Sign Up Free
Socialwider is all about social networking, sharing with friends and millions of people.

China Celebrities Stoke Nationalist Firestorm Against Foreign Brands Concerned

China Celebrities Stoke Nationalist Firestorm Against Foreign Brands Concerned

A larger number of Chinese celebrities expressed support on Thursday for a nationalistic backlash against foreign-owned consumer goods brands that have expressed concern over the human rights situation in China’s Xinjiang Province. At least 40 Chinese stars canceled high-profile, lucrative sponsorship contracts.To get more chinese entertainment news, you can visit shine news official website.

Among them were Zhou Dongyu and Jackson Yee, the stars of the best foreign picture Oscar nominee “Better Days,” “Mulan” star Liu Yifei, and the actor Song Dandan, the stepmother of “Nomadland” director, the Chinese-born Academy Award frontrunner Chloe Zhao.

The controversy has plunged China’s entertainment industry squarely into the firestorm over alleged human rights abuses in Xinjiang. Beijing denies there is abuse, but U.S. officials and leading figures in other democracies have recently described activities in Xinjiang as a “genocide.”The furor highlights the real and escalating difficulties that companies and artists must face when attempting to straddle the divide between the political requirements of accessing China’s enormous market and the humanitarian expectations of the public and media in other jurisdictions.

The jingoistic firestorm broke out Wednesday, just days after the U.S., the E.U., Britain and Canada announced a rare set of coordinated sanctions against Chinese officials over their policies in Xinjiang. Beijing retaliated by imposing even harsher sanctions on the E.U. in return. It added sanctions against U.K. officials on Thursday.

Weibo users dug up an old, since-deleted 2020 statement from H&M in which the Swedish retailer stated that it was “deeply concerned” by reports of forced labor and discrimination against ethnoreligious minorities in Xinjiang. It was working to “reduce exposure” there due to the “risk of labor rights abuses… until conditions for credible due diligence are in place,” according to a cached version.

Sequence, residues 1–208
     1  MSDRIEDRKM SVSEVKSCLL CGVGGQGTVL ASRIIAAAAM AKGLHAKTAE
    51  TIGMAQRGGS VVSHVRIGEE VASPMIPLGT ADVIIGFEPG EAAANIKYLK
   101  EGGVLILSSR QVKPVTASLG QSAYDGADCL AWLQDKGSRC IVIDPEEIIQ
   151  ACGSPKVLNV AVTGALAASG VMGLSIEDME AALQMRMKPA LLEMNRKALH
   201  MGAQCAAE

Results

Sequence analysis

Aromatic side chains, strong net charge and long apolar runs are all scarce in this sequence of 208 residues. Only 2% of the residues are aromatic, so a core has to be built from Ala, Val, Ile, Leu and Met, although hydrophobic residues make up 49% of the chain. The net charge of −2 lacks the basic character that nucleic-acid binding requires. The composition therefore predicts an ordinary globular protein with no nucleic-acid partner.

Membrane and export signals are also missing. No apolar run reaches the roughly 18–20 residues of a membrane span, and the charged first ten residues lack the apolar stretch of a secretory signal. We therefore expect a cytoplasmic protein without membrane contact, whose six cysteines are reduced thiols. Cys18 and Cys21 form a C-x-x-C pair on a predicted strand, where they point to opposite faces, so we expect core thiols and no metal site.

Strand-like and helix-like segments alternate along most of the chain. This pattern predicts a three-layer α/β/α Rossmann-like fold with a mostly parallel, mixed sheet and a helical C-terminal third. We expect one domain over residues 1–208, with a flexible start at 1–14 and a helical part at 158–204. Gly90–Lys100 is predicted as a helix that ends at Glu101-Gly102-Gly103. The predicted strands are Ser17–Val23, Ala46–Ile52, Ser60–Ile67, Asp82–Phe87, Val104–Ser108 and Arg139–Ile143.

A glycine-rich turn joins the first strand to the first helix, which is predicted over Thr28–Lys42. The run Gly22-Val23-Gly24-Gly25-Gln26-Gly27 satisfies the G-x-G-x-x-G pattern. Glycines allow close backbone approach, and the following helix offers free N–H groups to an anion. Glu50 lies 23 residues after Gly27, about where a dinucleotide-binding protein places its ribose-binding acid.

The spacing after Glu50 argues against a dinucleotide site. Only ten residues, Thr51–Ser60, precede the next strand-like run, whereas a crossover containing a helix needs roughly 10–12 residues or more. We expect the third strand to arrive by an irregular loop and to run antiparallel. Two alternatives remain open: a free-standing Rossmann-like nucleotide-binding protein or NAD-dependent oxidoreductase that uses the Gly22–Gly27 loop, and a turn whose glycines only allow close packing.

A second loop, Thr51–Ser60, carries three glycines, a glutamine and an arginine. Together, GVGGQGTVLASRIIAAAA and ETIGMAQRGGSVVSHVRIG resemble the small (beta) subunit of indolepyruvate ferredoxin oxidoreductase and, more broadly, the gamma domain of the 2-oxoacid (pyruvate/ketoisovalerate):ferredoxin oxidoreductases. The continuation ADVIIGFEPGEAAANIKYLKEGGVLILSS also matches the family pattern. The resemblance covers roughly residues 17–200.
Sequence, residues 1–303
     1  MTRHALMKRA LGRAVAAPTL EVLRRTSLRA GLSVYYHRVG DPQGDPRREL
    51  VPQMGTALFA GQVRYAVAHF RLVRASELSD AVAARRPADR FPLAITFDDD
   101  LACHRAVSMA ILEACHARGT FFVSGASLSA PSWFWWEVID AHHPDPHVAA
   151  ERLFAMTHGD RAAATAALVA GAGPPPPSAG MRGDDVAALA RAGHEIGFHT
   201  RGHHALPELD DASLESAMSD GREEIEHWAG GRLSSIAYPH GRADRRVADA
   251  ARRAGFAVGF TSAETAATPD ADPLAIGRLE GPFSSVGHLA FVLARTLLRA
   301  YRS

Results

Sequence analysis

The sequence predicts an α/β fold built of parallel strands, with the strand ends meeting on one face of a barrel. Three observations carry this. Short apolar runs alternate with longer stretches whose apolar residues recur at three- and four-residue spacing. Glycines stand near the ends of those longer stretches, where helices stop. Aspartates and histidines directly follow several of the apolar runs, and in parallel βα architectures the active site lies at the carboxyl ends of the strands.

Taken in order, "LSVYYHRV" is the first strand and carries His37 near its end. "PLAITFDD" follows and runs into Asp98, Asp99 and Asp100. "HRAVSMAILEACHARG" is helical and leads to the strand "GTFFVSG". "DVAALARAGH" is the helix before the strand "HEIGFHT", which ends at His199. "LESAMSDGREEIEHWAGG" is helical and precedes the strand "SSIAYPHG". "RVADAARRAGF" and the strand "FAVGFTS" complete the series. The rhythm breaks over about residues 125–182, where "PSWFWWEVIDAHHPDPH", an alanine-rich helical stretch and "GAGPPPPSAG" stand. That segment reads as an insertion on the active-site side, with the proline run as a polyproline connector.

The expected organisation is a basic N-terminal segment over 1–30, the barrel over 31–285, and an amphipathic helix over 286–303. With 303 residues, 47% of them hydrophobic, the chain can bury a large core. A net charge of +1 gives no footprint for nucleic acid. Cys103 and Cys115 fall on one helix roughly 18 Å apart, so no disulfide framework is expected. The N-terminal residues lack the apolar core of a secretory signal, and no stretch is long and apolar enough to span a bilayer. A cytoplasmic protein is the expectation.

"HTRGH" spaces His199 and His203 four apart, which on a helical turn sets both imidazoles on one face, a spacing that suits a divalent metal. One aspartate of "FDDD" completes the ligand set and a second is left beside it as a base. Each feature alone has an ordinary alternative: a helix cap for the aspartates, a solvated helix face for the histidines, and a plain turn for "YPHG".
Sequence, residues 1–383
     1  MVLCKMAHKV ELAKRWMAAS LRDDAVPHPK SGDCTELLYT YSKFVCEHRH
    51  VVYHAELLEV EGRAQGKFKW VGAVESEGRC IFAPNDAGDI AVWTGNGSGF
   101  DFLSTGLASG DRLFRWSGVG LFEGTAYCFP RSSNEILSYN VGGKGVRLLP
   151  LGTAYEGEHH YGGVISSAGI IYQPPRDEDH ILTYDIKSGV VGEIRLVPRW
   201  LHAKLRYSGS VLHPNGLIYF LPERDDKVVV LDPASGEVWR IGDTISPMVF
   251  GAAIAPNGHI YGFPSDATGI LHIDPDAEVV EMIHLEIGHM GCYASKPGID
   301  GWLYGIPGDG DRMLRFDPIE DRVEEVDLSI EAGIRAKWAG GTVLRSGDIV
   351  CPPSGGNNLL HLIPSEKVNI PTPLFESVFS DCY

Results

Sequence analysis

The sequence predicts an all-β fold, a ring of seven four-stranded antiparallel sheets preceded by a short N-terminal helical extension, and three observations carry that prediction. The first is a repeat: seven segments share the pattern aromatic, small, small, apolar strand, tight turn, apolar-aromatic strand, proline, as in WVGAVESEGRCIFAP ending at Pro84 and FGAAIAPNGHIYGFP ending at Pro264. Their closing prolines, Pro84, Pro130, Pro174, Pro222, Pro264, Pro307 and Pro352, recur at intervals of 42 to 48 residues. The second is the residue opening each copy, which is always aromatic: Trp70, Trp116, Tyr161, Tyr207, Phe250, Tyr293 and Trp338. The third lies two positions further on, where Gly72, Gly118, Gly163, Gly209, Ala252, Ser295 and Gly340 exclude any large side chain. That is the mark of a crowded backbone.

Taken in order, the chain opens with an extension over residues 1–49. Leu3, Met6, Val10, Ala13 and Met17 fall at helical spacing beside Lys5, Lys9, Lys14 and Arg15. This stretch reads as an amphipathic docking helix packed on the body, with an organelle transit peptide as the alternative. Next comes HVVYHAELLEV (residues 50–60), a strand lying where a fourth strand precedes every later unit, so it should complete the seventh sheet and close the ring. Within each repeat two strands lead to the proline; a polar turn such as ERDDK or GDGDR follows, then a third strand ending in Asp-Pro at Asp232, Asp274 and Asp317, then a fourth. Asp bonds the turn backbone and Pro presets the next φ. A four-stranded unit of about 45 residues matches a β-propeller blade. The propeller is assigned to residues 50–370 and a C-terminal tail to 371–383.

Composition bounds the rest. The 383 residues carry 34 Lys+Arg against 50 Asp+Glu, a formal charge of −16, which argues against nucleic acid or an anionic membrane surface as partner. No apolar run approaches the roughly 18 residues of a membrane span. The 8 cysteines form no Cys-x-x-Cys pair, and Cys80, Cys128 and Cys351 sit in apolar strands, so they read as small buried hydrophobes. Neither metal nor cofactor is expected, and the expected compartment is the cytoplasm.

Following Weibo users’ nationalistic criticisms, China’s propaganda apparatus and other official state organs fanned the flames by calling for a boycott.

“On the one hand you spread rumors and boycott Xinjiang cotton, and on the other want to make money in China? Wishful thinking!” the Communist Youth League’s social media account posted, as hashtags and search terms related to the issue began racking up billions of views, dominating the Weibo trending search charts.

Within hours, actor Huang Xuan — who recently appeared in “Wuhai,” which won the FIPRESCI prize at San Sebastian last year, and the new hit TV show “Minning Town” — announced that he would terminate all sponsorship contracts with H&M. He was soon followed by fellow brand ambassador Victoria Song Qian, the singer-actor who debuted as part of the K-pop group f(X).

Huang accused H&M of a “human rights smear campaign,” and stated via his studio that he “resolutely opposes any attempt to discredit the country and its human rights practices in any form.”By evening, Chinese web users noticed that H&M had been wiped from Alibaba’s e-commerce platform and even literally from the map, with its stores unsearchable on Chinese map apps.

On Thursday, boycott threats had spread to other brands that have previously said they do not source products or yarn from Xinjiang. Most are part of the Better Cotton Initiative, an industry group that promotes sustainable cotton. They include Nike, Adidas, Burberry, Converse, New Balance, and Phillips-Van Heusen, which runs Tommy Hilfiger and Calvin Klein, among others, All were labeled as “malicious backstabbers” by the Communist Party mouthpiece, the People’s Daily.

“Chinese people do not allow some foreigners to eat Chinese food while smashing Chinese bowls,” Chinese foreign ministry spokeswoman Hua Chunying said Thursday, warning foreign companies to follow the Communist Party’s rules.

Beijing denies that forced labor is occurring in Xinjiang and strictly censors information about the “re-education camps” there, which the United Nations has expressed concerned are sites of arbitrary detention, ill-treatment, and sexual violence.
Captcha Challenge
Reload Image
Type in the verification code above